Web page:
On June 2, 2010, the anonymous blogger at GayUganda posted a threatening letter sent by a group calling itself the National Anti-Homosexual Taskforce. The letter was written to someone who GayUganda called "Mr. Semakula Zilaba," and described just how much the Taskforce knew about him – his age, where he went to school, where he worked, details about his wife and child, and his whereabouts on certain days and times. The letter’s authors then demanded a list of all the homosexuals that Semakula knew in Kampala and Jinja. They also demanded a letter denouncing homosexuality that they could use to show that they were eradicating homosexuality in Uganda. If the demands were not met, the letter stated, the Taskforce would expose Semakula to his family, friends, employer, and neighbours, would get him fired and blacklisted from future employment, and would publicize his sexuality in every neighbourhood in which he tried to live in the future. It also implied that Semakula’s friends faced physical harm if they themselves failed to comply with the demands of the Taskforce.
It is difficult to overstate the terror and helplessness that these types of threats evoke for their victims. In places where it is illegal, stigmatizing, or dangerous to identify as LGBTI or to engage in same-sex activity, keeping one’s sexuality a secret may be, quite literally, a matter of life or death. In 36 countries across the continent of Africa, same-sex activity is criminalized and one has only to look at the reports of human rights organizations to see evidence of the violence and discrimination unleashed on LGBTI people because of their sexual orientation or gender identity. The profound repercussions that would stem from the disclosure of sexual secrets and the vulnerability this creates allows people, like the authors of the letter on GayUganda, to keep LGBTI and same-sex practicing people in a debilitating state of fear and worry and to manipulate their lives for gain – even as their victims go to great lengths to protect their secrets. The gravity of the consequences of disclosure – beyond creating vulnerability – also deters victims from seeking support, reporting these crimes and seeking justice.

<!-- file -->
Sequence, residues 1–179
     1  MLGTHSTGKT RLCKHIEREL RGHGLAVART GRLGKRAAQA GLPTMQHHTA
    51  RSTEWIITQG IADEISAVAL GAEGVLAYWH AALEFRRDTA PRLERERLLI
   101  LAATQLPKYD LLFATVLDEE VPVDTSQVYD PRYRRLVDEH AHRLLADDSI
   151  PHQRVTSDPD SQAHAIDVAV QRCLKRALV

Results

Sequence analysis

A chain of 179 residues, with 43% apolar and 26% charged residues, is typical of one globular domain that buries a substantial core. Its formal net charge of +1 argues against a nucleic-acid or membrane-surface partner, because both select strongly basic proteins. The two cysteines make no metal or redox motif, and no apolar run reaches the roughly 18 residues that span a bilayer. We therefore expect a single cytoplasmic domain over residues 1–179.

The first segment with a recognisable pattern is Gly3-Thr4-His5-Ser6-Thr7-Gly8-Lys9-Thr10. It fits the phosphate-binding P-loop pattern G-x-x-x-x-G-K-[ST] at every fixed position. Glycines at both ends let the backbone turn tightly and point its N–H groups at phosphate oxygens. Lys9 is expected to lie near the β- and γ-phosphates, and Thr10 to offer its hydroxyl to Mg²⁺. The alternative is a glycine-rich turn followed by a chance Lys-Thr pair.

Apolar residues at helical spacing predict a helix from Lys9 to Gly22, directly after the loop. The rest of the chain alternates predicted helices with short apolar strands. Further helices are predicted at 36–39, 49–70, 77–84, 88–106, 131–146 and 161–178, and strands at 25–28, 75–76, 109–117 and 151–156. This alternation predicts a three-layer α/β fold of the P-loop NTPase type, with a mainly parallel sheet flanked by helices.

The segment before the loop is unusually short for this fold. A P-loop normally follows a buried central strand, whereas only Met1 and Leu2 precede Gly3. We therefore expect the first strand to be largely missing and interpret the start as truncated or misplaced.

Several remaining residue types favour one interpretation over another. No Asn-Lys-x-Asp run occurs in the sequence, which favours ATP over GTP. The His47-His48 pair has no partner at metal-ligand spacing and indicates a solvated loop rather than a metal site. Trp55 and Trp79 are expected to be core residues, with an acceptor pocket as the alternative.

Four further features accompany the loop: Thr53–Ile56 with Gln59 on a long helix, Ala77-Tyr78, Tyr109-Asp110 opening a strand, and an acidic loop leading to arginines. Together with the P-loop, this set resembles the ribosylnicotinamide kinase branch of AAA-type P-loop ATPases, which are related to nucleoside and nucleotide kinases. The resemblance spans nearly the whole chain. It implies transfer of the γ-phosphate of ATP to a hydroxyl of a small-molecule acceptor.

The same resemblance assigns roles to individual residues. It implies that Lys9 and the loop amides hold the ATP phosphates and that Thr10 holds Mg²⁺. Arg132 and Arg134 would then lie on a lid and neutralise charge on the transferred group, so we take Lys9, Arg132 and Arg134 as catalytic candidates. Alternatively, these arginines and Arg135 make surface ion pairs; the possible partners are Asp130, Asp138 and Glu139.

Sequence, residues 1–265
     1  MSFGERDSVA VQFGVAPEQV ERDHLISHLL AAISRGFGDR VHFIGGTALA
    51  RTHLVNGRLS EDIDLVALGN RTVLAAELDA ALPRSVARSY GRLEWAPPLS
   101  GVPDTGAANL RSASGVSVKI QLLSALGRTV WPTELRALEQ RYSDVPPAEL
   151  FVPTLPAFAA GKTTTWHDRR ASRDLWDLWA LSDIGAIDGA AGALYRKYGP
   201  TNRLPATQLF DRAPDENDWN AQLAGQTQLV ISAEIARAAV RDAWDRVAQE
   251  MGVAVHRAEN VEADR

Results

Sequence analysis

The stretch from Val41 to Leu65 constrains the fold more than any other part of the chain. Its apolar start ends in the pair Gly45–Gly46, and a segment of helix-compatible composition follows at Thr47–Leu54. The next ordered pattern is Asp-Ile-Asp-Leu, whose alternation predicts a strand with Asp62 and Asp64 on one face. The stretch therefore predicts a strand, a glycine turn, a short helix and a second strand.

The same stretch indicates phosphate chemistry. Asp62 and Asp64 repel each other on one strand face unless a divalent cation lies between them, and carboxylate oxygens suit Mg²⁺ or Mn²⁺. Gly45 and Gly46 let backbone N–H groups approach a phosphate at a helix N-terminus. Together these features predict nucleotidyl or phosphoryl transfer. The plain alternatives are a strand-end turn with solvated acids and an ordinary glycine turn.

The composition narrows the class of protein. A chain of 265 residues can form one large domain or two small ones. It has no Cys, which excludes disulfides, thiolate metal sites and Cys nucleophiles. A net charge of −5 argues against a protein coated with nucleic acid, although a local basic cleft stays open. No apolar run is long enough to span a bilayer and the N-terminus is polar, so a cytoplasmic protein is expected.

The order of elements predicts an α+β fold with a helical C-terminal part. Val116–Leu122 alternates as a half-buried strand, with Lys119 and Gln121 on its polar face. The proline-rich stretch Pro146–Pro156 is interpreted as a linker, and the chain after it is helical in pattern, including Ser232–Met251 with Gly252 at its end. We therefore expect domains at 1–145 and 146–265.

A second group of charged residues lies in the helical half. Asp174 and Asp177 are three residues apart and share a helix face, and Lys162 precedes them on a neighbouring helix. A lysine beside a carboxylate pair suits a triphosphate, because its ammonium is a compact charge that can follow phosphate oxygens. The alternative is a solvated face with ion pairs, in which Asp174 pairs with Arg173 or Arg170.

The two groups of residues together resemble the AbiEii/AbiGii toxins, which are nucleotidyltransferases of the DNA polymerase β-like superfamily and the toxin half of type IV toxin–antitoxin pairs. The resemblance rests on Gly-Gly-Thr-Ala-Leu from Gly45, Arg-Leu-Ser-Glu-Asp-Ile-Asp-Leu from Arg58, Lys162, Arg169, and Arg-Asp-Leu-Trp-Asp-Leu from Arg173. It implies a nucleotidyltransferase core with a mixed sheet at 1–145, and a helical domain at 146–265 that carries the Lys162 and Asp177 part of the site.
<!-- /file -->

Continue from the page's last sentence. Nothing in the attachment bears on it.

The letter posted on GayUganda is not unusual. Of all of the violations that LGBTI people in sub-Saharan Africa deal with, blackmail and extortion are perhaps the most prevalent – and the least visible. A recent survey of men who have sex with men (MSM) in Malawi, Namibia, and Botswana found that blackmail was one of the most prevalent human rights abuses they faced, with 18% of those in Malawi, 21.3% of those in Namibia, and 26.5% of those in Botswana reporting incidents of blackmail. Among those surveyed across all three countries, the 21.2% of people who had been blackmailed because of their sexuality were a larger proportion than those who, on the same basis, were afraid to walk in their community (19%), were afraid to seek health services (18.5%), had been beaten up by a government or police official (12.2%), were denied housing (6.9%), or were denied health care (5.1%). A study in Abuja, Nigeria, similarly suggested that 23.1% of respondents had been victims of blackmail. Even in South Africa, where same-sex activity has been decriminalized and discrimination on the grounds of sexual orientation outlawed, a worrying 10.5% of MSM respondents reported being blackmailed in peri-urban townships outside of Cape Town.
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